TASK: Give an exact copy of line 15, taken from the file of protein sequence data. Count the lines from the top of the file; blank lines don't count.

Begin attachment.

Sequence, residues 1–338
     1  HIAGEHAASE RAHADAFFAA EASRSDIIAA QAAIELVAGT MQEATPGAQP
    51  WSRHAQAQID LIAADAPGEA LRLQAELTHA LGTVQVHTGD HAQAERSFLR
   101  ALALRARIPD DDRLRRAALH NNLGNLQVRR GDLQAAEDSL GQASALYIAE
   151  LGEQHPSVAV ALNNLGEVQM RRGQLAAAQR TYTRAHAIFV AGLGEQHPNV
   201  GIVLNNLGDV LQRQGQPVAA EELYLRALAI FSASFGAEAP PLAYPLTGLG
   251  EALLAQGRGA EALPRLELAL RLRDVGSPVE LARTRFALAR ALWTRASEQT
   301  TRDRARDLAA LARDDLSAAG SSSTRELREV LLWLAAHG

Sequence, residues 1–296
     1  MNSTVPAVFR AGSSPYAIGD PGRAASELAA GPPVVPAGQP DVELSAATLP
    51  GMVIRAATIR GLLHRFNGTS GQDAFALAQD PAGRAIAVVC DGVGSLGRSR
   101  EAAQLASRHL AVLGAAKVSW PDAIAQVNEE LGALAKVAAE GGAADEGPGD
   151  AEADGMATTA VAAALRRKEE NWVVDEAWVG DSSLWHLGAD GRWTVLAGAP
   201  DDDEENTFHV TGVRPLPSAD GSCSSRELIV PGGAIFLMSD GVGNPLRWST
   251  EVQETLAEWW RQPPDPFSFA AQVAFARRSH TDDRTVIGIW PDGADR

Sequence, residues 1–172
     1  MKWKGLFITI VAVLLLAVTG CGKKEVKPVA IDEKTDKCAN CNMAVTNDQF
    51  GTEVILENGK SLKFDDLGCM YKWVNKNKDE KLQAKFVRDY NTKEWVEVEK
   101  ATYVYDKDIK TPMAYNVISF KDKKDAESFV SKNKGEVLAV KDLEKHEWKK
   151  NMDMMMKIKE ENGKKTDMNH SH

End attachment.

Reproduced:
   251  EVQETLAEWW RQPPDPFSFA AQVAFARRSH TDDRTVIGIW PDGADR